Tom Langan works full time for Lost Earth Adventures, guiding in the UK and in Nepal. You’re just as likely to see him down the depths of the UK’s deepest caves as you are high on a mountain top. He’s recently been sussing out the Everest region’s best teahouses. You can read about his latest adventure below.
This is an account of the Everest Base Camp and Three Peaks Trek during my recent visit to the area as I checked out guest houses and current conditions for our upcoming 2017 trips.You can find out more about our Everest Base Camp Treks here.
I recently had the opportunity to research the guesthouses along the Three Pass Trail in the Everest region of Nepal. This is a 20-day trek, climbing three passes over 5300m. Along the way reach Everest Base Camp, cross glaciers and witness the sun rise above Everest from the nearby summit of Kala Patthar. Even getting to the trail is an adventure, involving a flight in a light aircraft to reach the start of the trail.
Flying in to Lukla
Flying from Kathmandu to Lukla, the start of the trail to Everest, is unlike any other flight I have taken. Compared to my flight two days before from London where I quickly fell asleep to the on board entertainment after complimentary glasses of wine, blissfully ignorant that I am actually high up in the earth’s atmosphere, the forty minute Lukla flight on an 18 passenger Twin Otter aircraft is more exhilarating than any theme park ride.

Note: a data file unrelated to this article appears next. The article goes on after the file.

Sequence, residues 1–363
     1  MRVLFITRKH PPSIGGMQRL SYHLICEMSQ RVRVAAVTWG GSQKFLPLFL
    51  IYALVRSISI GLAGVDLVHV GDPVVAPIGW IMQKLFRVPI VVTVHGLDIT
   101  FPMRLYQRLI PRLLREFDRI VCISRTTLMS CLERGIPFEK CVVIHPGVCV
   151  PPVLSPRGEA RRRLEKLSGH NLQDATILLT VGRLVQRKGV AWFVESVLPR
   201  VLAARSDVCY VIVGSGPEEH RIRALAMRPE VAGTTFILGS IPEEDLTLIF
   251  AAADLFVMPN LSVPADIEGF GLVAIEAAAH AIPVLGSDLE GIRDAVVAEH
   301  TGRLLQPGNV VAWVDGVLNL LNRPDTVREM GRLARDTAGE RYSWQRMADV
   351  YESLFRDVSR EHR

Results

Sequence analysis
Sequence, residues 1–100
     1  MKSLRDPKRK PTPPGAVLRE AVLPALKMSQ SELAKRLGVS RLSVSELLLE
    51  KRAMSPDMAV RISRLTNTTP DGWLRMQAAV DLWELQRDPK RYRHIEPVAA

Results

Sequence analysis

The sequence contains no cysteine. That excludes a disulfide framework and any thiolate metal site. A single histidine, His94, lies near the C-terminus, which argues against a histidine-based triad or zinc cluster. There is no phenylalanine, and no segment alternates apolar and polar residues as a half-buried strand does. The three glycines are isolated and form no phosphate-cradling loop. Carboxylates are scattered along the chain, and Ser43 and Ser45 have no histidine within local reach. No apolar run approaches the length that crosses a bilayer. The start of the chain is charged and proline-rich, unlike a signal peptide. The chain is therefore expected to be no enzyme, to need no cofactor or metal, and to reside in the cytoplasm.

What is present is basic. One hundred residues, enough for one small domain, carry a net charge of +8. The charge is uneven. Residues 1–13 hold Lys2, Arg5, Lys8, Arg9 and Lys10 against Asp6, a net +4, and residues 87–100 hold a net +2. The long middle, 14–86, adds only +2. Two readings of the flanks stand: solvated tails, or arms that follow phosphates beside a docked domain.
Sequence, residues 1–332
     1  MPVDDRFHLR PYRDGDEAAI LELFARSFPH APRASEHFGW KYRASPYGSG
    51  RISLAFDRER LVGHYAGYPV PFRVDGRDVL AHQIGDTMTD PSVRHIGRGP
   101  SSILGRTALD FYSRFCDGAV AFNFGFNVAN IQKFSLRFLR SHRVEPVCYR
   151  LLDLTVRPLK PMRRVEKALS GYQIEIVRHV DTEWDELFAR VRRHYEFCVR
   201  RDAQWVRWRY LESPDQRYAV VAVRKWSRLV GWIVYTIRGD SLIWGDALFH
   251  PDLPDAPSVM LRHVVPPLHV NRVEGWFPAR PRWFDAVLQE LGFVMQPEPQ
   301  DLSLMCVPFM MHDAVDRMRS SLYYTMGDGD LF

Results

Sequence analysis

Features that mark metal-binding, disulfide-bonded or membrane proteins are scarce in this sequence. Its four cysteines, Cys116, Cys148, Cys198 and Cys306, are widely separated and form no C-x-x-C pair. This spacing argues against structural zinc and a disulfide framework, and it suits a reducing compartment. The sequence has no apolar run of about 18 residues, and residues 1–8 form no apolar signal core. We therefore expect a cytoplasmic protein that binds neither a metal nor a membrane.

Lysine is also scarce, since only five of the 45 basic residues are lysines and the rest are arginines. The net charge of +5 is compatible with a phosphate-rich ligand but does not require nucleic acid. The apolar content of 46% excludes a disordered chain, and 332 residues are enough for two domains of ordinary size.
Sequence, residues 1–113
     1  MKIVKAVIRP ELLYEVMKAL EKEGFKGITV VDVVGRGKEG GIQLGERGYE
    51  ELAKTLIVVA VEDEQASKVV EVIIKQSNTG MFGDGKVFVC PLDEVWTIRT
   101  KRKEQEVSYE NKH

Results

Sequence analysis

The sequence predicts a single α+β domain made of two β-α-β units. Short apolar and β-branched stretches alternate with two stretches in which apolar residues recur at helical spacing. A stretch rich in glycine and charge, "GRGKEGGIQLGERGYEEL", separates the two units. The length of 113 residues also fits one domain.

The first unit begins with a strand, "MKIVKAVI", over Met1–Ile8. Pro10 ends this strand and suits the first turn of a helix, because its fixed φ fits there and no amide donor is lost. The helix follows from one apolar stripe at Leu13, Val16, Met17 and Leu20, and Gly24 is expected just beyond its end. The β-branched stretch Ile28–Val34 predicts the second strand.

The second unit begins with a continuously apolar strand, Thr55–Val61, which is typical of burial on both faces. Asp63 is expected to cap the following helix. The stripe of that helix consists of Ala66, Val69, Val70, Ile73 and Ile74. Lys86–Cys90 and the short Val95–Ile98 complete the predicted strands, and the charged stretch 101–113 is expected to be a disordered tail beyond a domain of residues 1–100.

Taking the first morning flight out, we received a thumbs up from the pilots in the open view cockpit and a complimentary meal consisting of a boiled sweet, then took off in the small vessel. I had a front row seat and witnessed the pilots manoeuvring around and between the clouds. Out of the left side windows you can start to glimpse the snow-capped mountains in the distance and as we got closer to our destination the mountain walls tower over the plane. As the plane rises over a mountain ridge, straight ahead out of the cockpit we can see perched on the mountainside, the town of Lukla, and also one of the world’s smallest runways. Landing is a surprisingly calm and smooth experience. The passengers cheered and five minutes later we had our bags and were on the start of the Trail to Everest